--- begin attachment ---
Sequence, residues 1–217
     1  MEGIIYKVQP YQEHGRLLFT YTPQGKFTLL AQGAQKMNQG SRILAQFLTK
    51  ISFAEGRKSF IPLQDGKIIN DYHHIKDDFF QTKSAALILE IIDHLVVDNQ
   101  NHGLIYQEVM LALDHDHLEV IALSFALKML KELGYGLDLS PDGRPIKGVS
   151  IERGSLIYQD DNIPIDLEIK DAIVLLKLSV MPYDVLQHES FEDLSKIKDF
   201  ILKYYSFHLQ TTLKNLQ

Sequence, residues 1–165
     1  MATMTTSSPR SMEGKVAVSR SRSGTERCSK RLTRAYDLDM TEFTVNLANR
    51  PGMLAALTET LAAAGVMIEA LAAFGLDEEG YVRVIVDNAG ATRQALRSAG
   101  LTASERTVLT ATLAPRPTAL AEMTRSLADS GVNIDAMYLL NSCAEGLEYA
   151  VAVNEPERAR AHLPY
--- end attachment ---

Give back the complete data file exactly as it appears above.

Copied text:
Sequence, residues 1–217
     1  MEGIIYKVQP YQEHGRLLFT YTPQGKFTLL AQGAQKMNQG SRILAQFLTK
    51  ISFAEGRKSF IPLQDGKIIN DYHHIKDDFF QTKSAALILE IIDHLVVDNQ
   101  NHGLIYQEVM LALDHDHLEV IALSFALKML KELGYGLDLS PDGRPIKGVS
   151  IERGSLIYQD DNIPIDLEIK DAIVLLKLSV MPYDVLQHES FEDLSKIKDF
   201  ILKYYSFHLQ TTLKNLQ

Sequence, residues 1–165
     1  MATMTTSSPR SMEGKVAVSR SRSGTERCSK RLTRAYDLDM TEFTVNLANR
    51  PGMLAALTET LAAAGVMIEA LAAFGLDEEG YVRVIVDNAG ATRQALRSAG
   101  LTASERTVLT ATLAPRPTAL AEMTRSLADS GVNIDAMYLL NSCAEGLEYA
   151  VAVNEPERAR AHLPY